• During the third quarter of fiscal 2013 HURC acquired the machine tool component business of LCM S.r.l, an Italian designer and manufacturer of electro-mechanical components and accessories for machine tools. HURC uses LCM components in one of its lines of machining centers.
  • HURC’s sales to foreign customers are denominated, and payments by those customers are made, in the prevailing currencies—primarily the Euro, Pound Sterling and Chinese Yuan—in the countries in which those customers are located. Its product costs are incurred and paid primarily in the New Taiwan Dollar and the U.S. Dollar. Changes in currency exchange rates will have a material effect on its operating results and consolidated balance sheets as reported under U.S. Generally Accepted Accounting Principles. For example, when the U.S. Dollar weakens in value relative to a foreign currency, sales made, and expenses incurred, in that currency when translated to U.S. Dollars for reporting in our financial statements, are higher than would be the case when the U.S. Dollar is stronger.

On an acquirer’s multiple of 5.4x, HURC is an attractively valued company. It will be beholden to the business cycle and its earnings are likely to be affected by the strength or weakness of the US dollar, but it looks like a good long-term bet because it is conservatively managed and has the potential for continued growth.

Christopher & Banks Corporation Cheap, but as ugly as it gets $CBK

Tobias CarlisleStocksLeave a Comment

Christopher & Banks Corporation (NYSE:CBK) is another cheap, scary stock in the Small and Micro Cap Screener. With a market capitalization of $65 million, net cash of $36 million and operating earnings of $8 million over the last twelve months, CBK trades on an acquirer’s multiple of 3.73x, and a PE of 1.5x. It’s got an ugly -8 percent free cash flow / enterprise value yield, but has managed to buy back a paltry 0.7 percent of its stock over the last twelve months. CBK is a retailer of women’s apparel and accessories in the United States, which is an industry I hate. In short, it’s as ugly as they get, which is why it’s as cheap as it is. The good news is that one of the shareholders has turned activist, and it might be ready for some life.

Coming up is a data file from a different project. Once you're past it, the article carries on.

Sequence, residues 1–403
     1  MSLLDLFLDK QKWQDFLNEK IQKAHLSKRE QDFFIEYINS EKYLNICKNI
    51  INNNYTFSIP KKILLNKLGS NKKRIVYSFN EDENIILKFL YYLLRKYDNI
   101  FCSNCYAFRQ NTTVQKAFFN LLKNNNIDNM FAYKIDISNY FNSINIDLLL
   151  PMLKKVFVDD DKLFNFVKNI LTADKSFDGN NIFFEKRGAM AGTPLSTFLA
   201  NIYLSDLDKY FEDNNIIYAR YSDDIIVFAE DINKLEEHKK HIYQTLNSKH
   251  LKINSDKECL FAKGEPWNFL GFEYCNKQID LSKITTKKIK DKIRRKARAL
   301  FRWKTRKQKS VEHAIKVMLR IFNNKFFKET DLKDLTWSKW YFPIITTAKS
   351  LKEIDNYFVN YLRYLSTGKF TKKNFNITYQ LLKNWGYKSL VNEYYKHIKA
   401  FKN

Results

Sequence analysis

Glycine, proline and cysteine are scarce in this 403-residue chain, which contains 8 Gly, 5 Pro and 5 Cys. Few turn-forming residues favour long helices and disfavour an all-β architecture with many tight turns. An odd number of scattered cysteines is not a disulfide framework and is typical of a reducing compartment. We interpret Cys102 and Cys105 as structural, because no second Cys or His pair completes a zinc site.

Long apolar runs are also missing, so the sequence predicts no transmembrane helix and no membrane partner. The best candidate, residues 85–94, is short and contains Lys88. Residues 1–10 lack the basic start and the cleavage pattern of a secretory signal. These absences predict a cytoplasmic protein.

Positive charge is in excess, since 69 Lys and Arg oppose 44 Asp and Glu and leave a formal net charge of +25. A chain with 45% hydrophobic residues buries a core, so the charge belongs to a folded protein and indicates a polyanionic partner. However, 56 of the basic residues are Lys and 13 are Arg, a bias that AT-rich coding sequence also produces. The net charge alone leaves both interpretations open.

Long/short equity, deep value, special situations, growth investor  doesn’t love it, but gives a good overview of the activists and their complaint:

…Christopher & Banks (NYSE:CBK) is finding some love. Macellum Capital owns about a 5.2% stake and has been active in the name since early April. It isn’t your typical activist, but it does know retail. Recall that it’s had success with effecting change at GIII, Hot Topic, Collective Brands, Children’s Place, etc. in the past.

With a focus on women’s apparel, CBK is in the sweet spot of retail, as opposed to those targeting more fickle teens [read: Abercrombie, American Eagle (NYSE:AEO), etc.]. However, profitability has been in rapid decline, hence the massive sell-offs since October.